04 – Nightlife

Continued from On the Meaning Behind Mementos.

Unlike the gradual, almost imperceptible way the day faded from light into dark when night fell in Vegas, in the Costa Rican rainforest night crashed — abrupt and utterly. And in the interval before the stars began to blink on in earnest and the moon rose to cast everything in its silvery glow, that night was thick with all the impenetrable darkness of Indian ink.

Grissom had forgotten just how dark it could be after all the years he had lived beneath the harsh glaring neon lights. It was a startling and yet welcome change.

However, the darkness did not bring silence with it. The forest was full of night noises – hum, buzz and chirrup, the whisper of insect wings and the creeping of critters that did not emerge until night. Nor was the camp itself precisely quiet. Quite the reverse in fact. The place bustled with activity. But there was an underlying sense of order to all the chaos; a measure of routine that Grissom was still in the process of working out, but was certain was there.

Introductions had been hurriedly and perfunctorily made in the midst of supplies being put away and the dinner preparations begun. Although Ana had stopped long enough to shake hands and lean in to tell Grissom that she knew he had to be special from the way Sara’s face lit up every time she spoke of him. Sara had merely shrugged at this and hurried him off to go help set the table.

Grissom measured out the plates, “Ana, Stephen, Bridget, Luis, Bernie, you and I…” He turned to Sara and asked, “Am I missing anyone?”

She counted the people out. “Six – no seven – that’s right. I’m still getting used to there being another person,” she replied with a slight smile. “By the way, don’t let Luis and Bernie fool you with all of their apologies about how bad their English is,” Sara added. “Their English is just fine and certainly a lot better than my Spanish.

“I am still trying to figure out exactly how to get them back for a trick they played on me the first week I got here. I made the mistake of asking them how to ask for baby oil in one of the shops. Let’s just say I got a lot of snickers until a friendly Tico politely informed me I was asking for something else entirely.”

Grissom grinned at this, felt half-amused half-sorry for the two young men. For he knew all too well the dangers of pissing Sara off.

“Baby oil?” he queried after a moment.

Sara rolled her eyes. “Get your mind out of the gutter, Gil. You mix it with a dettol to make insect repellent,” she explained. “It’s an old bushman recipe Bridget picked up that actually works, believe it or not, and is a lot more environmentally friendly and better for your skin than DEET.”

“I see,” he said, but didn’t sound entirely convinced.

Sara shook her head and over the clink of the enamelware plates and mugs upon the tabletop told him to “Just remember that forensics really isn’t polite dinner conversation for most of the rest of the world.”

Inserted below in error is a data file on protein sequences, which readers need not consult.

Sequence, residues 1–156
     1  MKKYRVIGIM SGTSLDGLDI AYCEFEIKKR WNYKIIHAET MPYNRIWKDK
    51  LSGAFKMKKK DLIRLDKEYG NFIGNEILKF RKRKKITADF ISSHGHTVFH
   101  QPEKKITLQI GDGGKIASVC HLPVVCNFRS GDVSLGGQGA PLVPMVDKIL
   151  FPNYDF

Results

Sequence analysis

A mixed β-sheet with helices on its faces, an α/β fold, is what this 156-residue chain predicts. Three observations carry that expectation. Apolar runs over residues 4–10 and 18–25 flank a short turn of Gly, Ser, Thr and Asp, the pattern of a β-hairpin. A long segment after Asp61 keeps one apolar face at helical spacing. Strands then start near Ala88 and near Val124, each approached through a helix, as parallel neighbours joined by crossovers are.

“So no dead bodies at the dinner table?”


“Fine with me,” he readily concurred. Murder and mayhem were the last things he wanted to talk about these days. “What about bugs?” he asked.

Sara paused in the act of laying out the cutlery to consider it. She settled on, “Fine within reason.”

“Within reason?” he echoed.

“Nothing gross. Gross by normal people’s standards,” she hurriedly amended, remembering exactly whom she was talking to and the fact that Grissom’s gross- out threshold exceeded pretty much everyone’s on the planet apart from a few nine year old boys. “And just in case you’re tempted,” she warned. “Remember that I know just as many embarrassing stories about you as you do about me.”

That did give him a moment’s pause.

“Which reminds me,” he finally said. “What exactly did you tell them?”

“About you?” Sara asked. “Nothing too mortifying.”

Considering the grin she was currently wearing, he wasn’t entirely reassured.


It wasn’t long before Grissom realized that Sara hadn’t been joking when she had told him that she hoped he liked beans and rice. Gallo pinto featured heavily at dinner along with platters of patacones – fried plantains – and fresh homemade tortillas. It was simple food, but hearty and delicious.

Although Grissom noticed that midway through the meal, much of it remained on Sara’s plate and she hadn’t taken much to eat to begin with. She had been quiet, too, more quiet than he would have thought her to be. But no one else seemed to notice.

Over the cover of Ana and the two younger Ticos engaged in what was rapidly becoming a heated discussion on the superiority of each of their own abuela’s recipes for Christmas tamales, he gave her a concerned glance and mouthed, Butterflies? Sara nodded. He gave her a knowing smile in reply and a slight wink that only she could see, and was pleased to observe that she perked up a great deal after that.

He wasn’t quite sure how it happened, but somehow he had avoided what he thought would be the inevitable and equally awkward twenty questions that new people always seemed to have showered upon them when they first arrived. It was an interpersonal ritual he had never been all that fond of as he wasn’t crazy about being the center of attention.

It wasn’t as if they ignored him either though. Rather it was as if the group already considered him a longstanding member instead of an interloper who had suddenly appeared in their midst.